Sunday, December 30, 2012

Welcoming in the New Year and Sharing Memories Project

New Years Eve - Sydney
It is New Years Eve and I am enjoying a quiet moment checking out Geneabloggers before we head into the centre of Sydney with some friends to see the Fireworks!!  Today there is a post advising that
Each Sunday, Olive Tree Genealogy offers a new blogging prompt under the heading Sharing Memories – Genealogy Journal Writing.  As this blog points out we spend ages researching, collecting bits and pieces and writing down stories of our great great grandparents, forgetting that we have stories of our own to share as well. 

When researching my family tree, I often sigh and wish my ancestors had recorded more of their life, kept a diary and or kept letters and newspaper cuttings.  As the Olive Tree Genealogy Blog points out, we should think of coming generations and how exciting it will be to find a record of our memories and experiences that will give them a better understanding of the time we lived in.

This project reminded me of a book that our family put together for my mother at Christmas time about ten years ago.  I wrote to all family members, sisters, grandchildren etc. a couple of months before Christmas and asked everyone to write down a couple of short stories that they could remember about our mother/grandmother.  It took a little bit of nagging and quite a few reminders but finally I was able to put together a book with everyone's stories and photos.  My mother loved the book and still reads in when she has a quiet moment.  Also, it was interesting, that on that Christmas day everyone in the family took turns for a quiet moment to read the stories that everyone had contributed.

With this in mind, my New Years resolution is to start writing down some of my memories.  What better way to start than to join in Olive Tree Genealogy's  Sharing Memories – Genealogy Journal Writing project. 


Thursday, December 27, 2012

Friday's Family History Through the Alphabet Challenge" - B is for Blogs

It is almost two week since I posted my first blog in the Family History Through the Alphabet Challenge,  "A is for Apps" I have made the commitment to post a new blog each week as part of this challenge, and guess what already I have to apologise for being tardy with my second post.  I shall blame this tardiness on the fact that I have been on holidays and our Internet access was very dodgy.  Excuses over, it is time to move on to my "B for" blog.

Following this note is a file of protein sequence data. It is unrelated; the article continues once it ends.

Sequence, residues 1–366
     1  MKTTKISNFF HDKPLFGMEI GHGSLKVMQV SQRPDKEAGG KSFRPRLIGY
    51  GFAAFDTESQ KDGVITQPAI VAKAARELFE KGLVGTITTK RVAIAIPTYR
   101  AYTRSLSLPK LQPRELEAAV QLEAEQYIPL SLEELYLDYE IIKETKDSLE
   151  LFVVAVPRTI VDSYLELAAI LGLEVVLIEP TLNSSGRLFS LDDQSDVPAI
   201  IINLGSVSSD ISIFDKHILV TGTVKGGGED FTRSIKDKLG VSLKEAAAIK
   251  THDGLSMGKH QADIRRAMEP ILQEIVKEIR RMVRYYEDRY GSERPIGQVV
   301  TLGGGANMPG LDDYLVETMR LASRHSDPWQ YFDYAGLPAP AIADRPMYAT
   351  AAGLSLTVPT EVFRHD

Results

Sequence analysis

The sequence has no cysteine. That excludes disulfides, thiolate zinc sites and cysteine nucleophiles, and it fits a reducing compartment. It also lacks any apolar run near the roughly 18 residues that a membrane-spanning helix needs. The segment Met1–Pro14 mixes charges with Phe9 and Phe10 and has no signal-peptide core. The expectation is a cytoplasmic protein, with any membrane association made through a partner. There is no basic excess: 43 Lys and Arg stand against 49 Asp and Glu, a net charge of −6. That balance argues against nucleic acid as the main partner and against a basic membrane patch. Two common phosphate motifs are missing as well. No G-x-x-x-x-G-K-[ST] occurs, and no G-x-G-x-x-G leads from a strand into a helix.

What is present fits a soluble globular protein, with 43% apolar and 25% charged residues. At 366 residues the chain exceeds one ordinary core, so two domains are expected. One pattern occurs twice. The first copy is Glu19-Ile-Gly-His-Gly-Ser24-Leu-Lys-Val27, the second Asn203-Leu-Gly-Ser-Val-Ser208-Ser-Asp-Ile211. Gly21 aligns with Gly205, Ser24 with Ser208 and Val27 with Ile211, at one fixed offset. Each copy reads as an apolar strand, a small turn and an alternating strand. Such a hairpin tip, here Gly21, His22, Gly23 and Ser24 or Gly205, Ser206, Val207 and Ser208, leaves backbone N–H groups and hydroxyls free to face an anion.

As I lazed around the pool on Daydream Island, North Queensland, reading and sipping on icy cocktails I pondered on the letter "B". What shall I write about, Birth Certificates, Baptism, Birth notices, Banns?  I am sure these have all been done, so finally decided to dedicate my "B" post to "Blogs".

As I mentioned earlier, I have just been on three weeks annual leave. What a luxury, time to actually, read some of the many Genealogy Blogs that I have tagged, saved in Evernote with a note, for reading!!! Hence I thought it would be an opportunity to share with you some of the blogs that I have found amusing, informative and pretty!!!

Here is the list of Blogs that I have enjoyed reading over the past couple of weeks in no particular order.

1. Jana's Genealogy and Family History Blog, http://janasgenealogyandfamilyhistory.blogspot.com.au/.
2. Lonetester HQ,  http://www.lonetester.com/ 
3. Geniaus, http://geniaus.blogspot.com.au/ 
4. Ancestry.com/Blog, http://blogs.ancestry.com/ancestry/
5. Australian Genealogy Journeys, http://ausgenjourneys.blogspot.com.au/
6. Lost Family Treasures, http://lostmementos.blogspot.com.au/
7. A Rebel Hand: Nicholas Delaney of 1798, http://rebelhand.wordpress.com/
8. Dance Skeletons,Tracing our family history to Australia, one skeleton at a time, http://danceskeletons.blogspot.com.au/

9. Backtracking, http://boobookbacktracks.blogspot.com.au/
10. Geneabloggers, http://geneabloggers.com/
11. Diary of an Australian Genealogist, http://diaryofanaustraliangenealogist.blogspot.com.au/
12. Jax Trax, http://jackievanbergen.blogspot.com.au/
13. Ku-ring-gai Historical Society, http://kuringgaihs.blogspot.com.au/
14. Sepia Saturday, http://sepiasaturday.blogspot.com.au/
15.  A Family Tapestry. http://afamilytapestry.blogspot.com.au/